In a small house you use every m² intensively. That means more wear and tear and things get dirty more quickly. So you’ll need to repaint more often, varnish the staircase every now and then and wash your pillow cases more often. Things break down more quickly. But since you need more stuff, it makes sense to choose quality and reparability. That helps the environment as well!
So yes, in a regular house that’s connected to all utilities you’ll probably spend less time on these things. Especially when you have the luxury of a dishwasher and dryer. But I wouldn’t want to go back despite this. I can do very well with a little less luxury and I’ve noticed how flexible I can be. And I have so much more appreciation of the basic things in life. You do however get the chance to have fewer working hours, because of your lower living costs, so you do win in time. And, of course, you don’t have to live off–grid; you can just as easily be connected to regular utilities in a Tiny House. These are choices you’ll have to make for yourself. But it’s good to be aware of the pros and cons of both options.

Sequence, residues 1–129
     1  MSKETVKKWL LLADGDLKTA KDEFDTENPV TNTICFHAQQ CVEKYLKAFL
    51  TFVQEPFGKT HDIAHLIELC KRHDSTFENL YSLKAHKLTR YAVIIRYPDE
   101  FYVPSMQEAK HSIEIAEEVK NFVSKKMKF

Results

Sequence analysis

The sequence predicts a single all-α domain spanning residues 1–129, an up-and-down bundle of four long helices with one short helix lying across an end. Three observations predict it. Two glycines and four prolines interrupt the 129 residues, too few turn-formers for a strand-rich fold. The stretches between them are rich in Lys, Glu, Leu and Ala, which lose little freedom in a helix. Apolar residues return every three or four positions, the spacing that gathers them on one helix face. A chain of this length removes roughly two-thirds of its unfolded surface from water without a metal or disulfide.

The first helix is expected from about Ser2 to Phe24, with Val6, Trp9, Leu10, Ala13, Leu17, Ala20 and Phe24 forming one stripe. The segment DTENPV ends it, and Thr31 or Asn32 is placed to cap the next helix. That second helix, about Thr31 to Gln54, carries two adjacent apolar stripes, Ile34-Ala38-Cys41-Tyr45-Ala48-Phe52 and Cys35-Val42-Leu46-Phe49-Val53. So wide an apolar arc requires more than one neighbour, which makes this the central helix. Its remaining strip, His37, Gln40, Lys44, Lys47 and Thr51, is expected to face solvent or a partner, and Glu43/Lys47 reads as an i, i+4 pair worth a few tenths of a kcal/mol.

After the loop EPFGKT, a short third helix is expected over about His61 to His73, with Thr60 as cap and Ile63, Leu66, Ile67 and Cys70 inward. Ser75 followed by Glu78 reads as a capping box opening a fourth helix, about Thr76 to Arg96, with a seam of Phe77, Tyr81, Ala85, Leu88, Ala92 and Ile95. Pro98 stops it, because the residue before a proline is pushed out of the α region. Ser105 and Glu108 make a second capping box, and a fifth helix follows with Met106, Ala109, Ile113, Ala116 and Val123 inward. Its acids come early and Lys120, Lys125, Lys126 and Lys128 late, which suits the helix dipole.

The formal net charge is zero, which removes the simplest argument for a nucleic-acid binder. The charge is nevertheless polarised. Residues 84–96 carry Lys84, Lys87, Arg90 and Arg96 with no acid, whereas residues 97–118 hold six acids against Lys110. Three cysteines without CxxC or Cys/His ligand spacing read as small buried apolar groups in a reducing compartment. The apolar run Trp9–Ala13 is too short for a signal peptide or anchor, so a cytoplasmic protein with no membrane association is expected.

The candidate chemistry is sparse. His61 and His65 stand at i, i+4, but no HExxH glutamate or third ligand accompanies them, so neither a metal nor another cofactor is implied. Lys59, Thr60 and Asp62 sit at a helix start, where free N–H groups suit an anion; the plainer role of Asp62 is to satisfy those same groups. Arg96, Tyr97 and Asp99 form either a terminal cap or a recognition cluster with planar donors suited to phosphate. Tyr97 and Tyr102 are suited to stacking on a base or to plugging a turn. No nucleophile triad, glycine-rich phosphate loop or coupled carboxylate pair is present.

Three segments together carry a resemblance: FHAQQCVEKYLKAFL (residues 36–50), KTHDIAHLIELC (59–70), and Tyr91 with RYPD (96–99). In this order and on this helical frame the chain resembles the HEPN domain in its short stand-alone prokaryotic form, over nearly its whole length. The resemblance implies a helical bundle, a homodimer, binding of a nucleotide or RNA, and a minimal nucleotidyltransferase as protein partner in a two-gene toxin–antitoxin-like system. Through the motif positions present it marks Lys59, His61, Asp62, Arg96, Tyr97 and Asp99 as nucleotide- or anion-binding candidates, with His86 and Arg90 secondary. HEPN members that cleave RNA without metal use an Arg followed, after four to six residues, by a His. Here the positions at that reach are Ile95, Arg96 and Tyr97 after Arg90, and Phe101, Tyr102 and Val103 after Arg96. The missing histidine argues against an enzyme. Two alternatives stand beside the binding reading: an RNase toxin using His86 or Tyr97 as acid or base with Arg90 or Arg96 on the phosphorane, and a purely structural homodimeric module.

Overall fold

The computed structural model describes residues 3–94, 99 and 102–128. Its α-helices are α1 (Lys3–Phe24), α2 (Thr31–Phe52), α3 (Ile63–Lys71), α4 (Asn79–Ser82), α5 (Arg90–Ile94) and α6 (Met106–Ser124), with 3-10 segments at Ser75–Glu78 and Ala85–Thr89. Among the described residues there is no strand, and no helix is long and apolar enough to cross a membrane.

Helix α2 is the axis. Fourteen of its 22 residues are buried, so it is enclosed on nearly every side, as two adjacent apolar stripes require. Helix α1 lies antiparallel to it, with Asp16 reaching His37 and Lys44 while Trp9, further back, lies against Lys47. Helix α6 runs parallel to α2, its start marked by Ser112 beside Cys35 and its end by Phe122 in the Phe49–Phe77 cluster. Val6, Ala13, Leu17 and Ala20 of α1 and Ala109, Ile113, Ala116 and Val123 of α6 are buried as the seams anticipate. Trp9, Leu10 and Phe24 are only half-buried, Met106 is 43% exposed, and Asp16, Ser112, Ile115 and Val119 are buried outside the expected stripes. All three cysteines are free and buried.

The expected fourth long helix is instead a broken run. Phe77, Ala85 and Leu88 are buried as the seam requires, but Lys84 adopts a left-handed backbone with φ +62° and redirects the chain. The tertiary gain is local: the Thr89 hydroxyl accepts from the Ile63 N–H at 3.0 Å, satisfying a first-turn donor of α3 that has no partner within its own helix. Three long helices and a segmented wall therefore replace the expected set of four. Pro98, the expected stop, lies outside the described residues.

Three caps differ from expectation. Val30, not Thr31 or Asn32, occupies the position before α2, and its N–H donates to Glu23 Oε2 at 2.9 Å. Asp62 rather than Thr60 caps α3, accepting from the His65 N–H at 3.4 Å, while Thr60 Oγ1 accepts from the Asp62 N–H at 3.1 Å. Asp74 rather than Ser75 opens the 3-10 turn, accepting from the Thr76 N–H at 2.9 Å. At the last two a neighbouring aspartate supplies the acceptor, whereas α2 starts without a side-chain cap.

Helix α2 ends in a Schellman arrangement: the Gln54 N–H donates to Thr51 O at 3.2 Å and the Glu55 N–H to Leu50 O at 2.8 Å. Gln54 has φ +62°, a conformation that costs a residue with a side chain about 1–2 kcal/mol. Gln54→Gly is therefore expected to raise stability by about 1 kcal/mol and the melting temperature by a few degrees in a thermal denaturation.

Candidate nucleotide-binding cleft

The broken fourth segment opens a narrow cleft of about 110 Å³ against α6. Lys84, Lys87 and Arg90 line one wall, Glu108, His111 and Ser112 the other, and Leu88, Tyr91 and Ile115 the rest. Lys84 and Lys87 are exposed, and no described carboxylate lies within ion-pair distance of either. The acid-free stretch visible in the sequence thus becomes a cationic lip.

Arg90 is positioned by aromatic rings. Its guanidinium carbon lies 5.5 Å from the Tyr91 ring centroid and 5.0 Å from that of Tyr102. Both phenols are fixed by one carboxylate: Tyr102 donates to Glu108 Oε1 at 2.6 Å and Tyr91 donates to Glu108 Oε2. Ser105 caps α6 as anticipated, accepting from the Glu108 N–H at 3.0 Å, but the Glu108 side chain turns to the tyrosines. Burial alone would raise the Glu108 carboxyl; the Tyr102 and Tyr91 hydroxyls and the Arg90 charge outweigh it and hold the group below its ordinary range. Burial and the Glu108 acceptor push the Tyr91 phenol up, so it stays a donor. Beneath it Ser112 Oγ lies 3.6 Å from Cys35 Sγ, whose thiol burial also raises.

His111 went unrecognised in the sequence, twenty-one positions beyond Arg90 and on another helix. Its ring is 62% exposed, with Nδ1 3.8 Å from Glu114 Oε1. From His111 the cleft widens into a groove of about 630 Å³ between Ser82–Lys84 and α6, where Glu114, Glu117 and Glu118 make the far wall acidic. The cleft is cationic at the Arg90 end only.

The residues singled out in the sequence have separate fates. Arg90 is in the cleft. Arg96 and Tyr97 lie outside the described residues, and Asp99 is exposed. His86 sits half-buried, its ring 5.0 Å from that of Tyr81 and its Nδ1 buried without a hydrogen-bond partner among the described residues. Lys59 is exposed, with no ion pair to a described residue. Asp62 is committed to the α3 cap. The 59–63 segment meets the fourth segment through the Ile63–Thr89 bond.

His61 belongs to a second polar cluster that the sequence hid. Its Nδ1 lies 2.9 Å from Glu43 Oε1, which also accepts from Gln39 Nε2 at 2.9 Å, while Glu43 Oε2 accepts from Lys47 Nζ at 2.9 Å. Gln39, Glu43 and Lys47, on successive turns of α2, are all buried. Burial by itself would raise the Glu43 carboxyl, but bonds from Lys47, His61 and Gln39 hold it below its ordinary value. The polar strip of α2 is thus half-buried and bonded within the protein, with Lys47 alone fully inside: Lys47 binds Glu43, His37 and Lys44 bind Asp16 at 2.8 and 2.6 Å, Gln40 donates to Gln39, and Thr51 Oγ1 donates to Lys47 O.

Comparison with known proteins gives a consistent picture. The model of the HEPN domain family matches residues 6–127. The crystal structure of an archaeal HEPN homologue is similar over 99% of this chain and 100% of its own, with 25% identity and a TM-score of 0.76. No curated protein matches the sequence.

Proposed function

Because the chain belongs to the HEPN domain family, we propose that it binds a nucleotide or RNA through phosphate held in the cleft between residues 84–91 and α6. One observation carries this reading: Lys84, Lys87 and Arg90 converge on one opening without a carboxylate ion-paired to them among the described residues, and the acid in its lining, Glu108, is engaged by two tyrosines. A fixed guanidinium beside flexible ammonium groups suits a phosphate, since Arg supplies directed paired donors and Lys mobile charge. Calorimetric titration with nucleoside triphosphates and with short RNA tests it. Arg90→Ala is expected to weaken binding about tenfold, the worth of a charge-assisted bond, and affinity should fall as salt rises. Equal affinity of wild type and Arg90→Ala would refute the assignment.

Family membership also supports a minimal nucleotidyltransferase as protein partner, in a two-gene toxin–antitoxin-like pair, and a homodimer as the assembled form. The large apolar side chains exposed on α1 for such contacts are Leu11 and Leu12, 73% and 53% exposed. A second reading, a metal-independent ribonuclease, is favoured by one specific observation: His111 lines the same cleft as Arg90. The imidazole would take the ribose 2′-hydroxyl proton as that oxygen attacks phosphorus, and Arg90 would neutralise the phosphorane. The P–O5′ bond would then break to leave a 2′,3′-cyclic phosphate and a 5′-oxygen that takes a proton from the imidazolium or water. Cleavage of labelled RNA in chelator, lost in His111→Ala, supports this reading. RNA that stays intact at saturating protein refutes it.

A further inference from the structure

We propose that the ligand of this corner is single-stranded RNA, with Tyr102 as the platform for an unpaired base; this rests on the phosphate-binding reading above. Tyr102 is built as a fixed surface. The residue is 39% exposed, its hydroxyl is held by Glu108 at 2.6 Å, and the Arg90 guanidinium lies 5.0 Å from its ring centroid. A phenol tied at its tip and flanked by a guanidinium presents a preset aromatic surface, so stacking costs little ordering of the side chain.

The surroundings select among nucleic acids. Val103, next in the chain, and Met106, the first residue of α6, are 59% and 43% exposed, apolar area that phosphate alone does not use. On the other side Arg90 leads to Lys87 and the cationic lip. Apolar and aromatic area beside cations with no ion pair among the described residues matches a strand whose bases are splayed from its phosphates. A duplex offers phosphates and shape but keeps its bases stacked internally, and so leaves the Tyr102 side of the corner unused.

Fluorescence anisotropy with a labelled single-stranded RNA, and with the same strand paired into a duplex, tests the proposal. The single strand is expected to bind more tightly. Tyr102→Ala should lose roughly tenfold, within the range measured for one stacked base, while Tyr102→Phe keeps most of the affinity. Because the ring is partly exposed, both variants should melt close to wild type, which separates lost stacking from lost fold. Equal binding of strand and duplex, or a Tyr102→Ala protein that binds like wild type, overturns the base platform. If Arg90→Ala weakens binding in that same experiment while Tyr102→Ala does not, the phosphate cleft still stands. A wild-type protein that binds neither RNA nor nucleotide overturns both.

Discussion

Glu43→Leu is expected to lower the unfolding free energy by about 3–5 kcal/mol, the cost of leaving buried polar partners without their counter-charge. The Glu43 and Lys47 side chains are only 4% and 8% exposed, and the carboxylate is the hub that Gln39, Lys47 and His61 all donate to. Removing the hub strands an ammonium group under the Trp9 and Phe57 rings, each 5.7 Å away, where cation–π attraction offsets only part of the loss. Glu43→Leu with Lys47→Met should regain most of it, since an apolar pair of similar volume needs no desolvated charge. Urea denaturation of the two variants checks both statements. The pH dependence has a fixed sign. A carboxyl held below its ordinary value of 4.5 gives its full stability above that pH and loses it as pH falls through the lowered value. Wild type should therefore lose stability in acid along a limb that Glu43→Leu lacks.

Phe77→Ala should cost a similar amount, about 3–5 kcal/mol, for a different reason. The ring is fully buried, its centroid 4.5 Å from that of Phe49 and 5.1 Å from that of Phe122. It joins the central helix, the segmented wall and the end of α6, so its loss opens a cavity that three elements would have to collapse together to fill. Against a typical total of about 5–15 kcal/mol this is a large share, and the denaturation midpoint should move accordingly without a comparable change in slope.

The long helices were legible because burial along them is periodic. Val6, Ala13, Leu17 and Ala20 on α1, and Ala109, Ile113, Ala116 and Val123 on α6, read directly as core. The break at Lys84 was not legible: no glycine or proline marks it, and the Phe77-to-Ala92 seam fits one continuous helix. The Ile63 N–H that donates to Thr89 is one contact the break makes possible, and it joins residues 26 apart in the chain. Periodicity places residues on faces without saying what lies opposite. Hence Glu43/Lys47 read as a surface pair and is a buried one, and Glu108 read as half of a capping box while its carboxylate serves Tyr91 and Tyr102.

Advantages: no electric bills, independence, no municipal blackouts, you have more options for locations where you can put your Tiny House, you become very aware of your usage and you use a lot less energy and water.
High-maintenance, takes time to figure out what kind of equipment you need, you need technical knowledge OR handy friends, purchase costs are high, takes up relatively more space, you can’t use all the equipment you might want, in the summer you have a power surplus and your panels are idle for most of the day.
Advantages: always plenty of electricity and water, not much room needed for equipment, maintenance friendly.
Disadvantages: connection costs, subscription costs, feed-in will be less interesting financially, you’ll miss the stimulation of being more frugal with energy and water.
The choice is yours! Both options are equally desirable. I can still say I have absolutely no regrets in deciding to live in my Tiny House. The advantages outweigh the disadvantages: lots of nature around me, plenty of time being outdoors, leaving a smaller ecological footprint, having a nice tailor-made house without a big mortgage, nice neighbors, and all the extraordinary people I’ve met and experiences I’ve had because of it. The freedom to go my own way, the countless lessons I’ve learned, and I’m still learning… It has brought me so much more than I could have dreamt of. It’s not suitable for everyone, this type of living, and it doesn’t have to be. But if you get excited about Tiny Houses, there’s only one thing I can recommend: follow your heart and make your dream come true!